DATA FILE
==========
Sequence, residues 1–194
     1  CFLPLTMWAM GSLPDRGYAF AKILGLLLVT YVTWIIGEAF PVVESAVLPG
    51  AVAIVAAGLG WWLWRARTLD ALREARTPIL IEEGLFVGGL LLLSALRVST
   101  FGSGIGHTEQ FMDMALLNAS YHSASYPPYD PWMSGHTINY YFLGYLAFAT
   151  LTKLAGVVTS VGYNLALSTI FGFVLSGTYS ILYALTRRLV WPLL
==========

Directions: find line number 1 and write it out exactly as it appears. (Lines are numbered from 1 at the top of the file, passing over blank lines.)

Sequence, residues 1–194